The novel Cracks expands upon one of the stories in One Girl. Set in a South African boarding school, the tale—recounted in flashback by characters including a "Sheila Kohler"—reveals a desperate level of violence and guilt among former classmates vying for supremacy on a swim team. The collective narrators, now in middle age, reunite to save their old school from demolition, but in the process they begin to recall some of their sinister exploits while under the spell of Miss G., their dynamic swimming coach. A Publishers Weekly contributor observed: "The curt 'we' and Kohler's clipped, effective descriptions generate an abiding sense of myth, collective experience and collective guilt…. The result is a narrative at once powerful and hollow, an extremely well-made technical experiment."

Crossways is the name of a fictional family home in South Africa, where things are not always as they seem and unlikely juxtapositions keep the reader somewhat off balance. In the novel Crossways Kate Kempden is a product of the South African privileged class who fled her homeland for Paris in the 1970s in pursuit of a career. Her sister Marion is an apparently contented wife and mother who stayed in Crossways to raise a family. Marion's husband Louis, now a respected heart surgeon, was not a child of privilege, but an Afrikaner (of Dutch heritage, rather than British) who pushed his way out of poverty, carrying with him the emotional baggage of a troubled past. When Marion is killed in a violent auto crash, with Louis at the wheel, Kate returns to Crossways to offer support to the injured surgeon and his children. Immediately she begins to sense dark waters beneath the surface of an apparently idyllic family scene; the longer she stays in town, the murkier and more malevolent the waters seem. As in previous works, Kohler writes of violence, abuse, and sexual dysfunction; in Crossways she adds elements of child abuse and possible murder. Hazel Rochman observed in her Booklist review that Crossways "brings close the harsh class conflicts among whites at the height of apartheid." A Kirkus Reviews contributor called the novel "a marvelous portrait of the inner lives of two people [Kate and Marion] trapped in an alien world they'd supposed to be their home."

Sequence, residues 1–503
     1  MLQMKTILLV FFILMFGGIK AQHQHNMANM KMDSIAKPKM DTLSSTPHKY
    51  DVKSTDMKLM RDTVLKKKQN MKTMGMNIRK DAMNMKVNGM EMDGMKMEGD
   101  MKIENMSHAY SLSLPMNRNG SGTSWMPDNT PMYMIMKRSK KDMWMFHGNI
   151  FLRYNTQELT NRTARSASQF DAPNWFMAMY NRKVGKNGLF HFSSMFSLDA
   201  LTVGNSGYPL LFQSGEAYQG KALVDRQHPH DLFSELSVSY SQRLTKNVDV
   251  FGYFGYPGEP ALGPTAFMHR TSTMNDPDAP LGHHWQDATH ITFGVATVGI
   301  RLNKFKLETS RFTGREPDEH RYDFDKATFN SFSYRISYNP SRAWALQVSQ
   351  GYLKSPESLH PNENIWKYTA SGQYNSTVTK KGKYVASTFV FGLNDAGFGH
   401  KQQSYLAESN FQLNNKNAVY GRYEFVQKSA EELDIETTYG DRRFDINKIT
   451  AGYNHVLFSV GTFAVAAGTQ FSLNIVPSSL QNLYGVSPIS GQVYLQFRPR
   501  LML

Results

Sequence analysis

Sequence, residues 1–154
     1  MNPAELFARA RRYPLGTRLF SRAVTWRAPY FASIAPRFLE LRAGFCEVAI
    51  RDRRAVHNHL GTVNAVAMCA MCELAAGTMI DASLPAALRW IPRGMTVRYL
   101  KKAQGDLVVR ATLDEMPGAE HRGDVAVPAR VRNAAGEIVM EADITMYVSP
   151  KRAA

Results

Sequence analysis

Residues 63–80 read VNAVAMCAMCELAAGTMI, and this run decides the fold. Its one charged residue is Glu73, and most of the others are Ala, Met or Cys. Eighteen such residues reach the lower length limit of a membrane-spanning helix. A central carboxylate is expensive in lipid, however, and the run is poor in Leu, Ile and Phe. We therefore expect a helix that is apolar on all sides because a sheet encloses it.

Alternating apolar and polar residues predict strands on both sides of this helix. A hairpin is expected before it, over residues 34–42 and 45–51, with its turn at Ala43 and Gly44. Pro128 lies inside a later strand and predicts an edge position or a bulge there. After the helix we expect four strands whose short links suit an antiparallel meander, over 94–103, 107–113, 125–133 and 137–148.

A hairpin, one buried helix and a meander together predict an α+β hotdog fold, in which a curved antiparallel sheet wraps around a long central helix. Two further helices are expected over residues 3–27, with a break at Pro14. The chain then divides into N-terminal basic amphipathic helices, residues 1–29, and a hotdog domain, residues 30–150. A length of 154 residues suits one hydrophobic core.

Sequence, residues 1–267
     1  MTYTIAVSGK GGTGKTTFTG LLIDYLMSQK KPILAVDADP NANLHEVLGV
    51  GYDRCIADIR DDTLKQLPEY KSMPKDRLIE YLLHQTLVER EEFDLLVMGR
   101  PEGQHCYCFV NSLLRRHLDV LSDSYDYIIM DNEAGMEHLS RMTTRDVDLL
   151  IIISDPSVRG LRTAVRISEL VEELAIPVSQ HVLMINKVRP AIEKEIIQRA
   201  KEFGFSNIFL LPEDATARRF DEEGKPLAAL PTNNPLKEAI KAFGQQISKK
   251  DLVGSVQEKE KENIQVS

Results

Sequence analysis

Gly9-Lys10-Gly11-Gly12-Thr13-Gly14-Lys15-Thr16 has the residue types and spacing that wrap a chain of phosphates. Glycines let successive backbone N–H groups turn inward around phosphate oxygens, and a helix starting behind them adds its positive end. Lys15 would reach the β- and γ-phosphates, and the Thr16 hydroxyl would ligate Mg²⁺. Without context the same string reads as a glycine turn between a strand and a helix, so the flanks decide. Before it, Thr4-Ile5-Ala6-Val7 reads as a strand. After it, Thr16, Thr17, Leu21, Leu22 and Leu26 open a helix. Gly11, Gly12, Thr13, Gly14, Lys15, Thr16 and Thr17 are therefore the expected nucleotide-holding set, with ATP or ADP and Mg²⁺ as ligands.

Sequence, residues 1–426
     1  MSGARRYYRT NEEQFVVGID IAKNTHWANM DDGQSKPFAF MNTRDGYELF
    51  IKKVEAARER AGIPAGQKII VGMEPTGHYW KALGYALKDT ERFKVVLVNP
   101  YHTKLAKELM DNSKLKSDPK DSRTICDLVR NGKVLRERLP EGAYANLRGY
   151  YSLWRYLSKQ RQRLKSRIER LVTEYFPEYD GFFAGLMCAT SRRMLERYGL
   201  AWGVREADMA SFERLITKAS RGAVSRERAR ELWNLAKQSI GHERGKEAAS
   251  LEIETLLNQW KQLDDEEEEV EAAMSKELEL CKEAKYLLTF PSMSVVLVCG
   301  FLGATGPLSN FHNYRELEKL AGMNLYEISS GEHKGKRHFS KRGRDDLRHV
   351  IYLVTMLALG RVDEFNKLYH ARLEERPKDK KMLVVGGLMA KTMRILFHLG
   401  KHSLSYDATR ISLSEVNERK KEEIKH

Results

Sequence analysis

Sheila Kohler once told CA: "I believe the desire to write came to me first when an aunt of mine read me the beginning of Jane Eyre. I must have been about seven and my father had just died. The description of little Jane shut up in the Red Room made a tremendous impression on me and I wanted to do something similar.

"All the great writers have influenced me. It is hard for me to single out one influence or the other—certainly the nineteenth century English authors were my first love…. Then I read the great Russians and then the French. At a particular moment in my life one or the other writer has influenced me more than another. Hard to point to any particular one.

"I write almost every day. It is my joy. I write on a computer and endlessly revise and correct as I go along. I keep reading and teaching and learning as much as I can.

"I hope with my books, to use one of Nabokov's phrases, to entertain, to instruct and to inspire, to lift the reader out of his or her mundane existence and yet … to convey life with all its complexity on the page."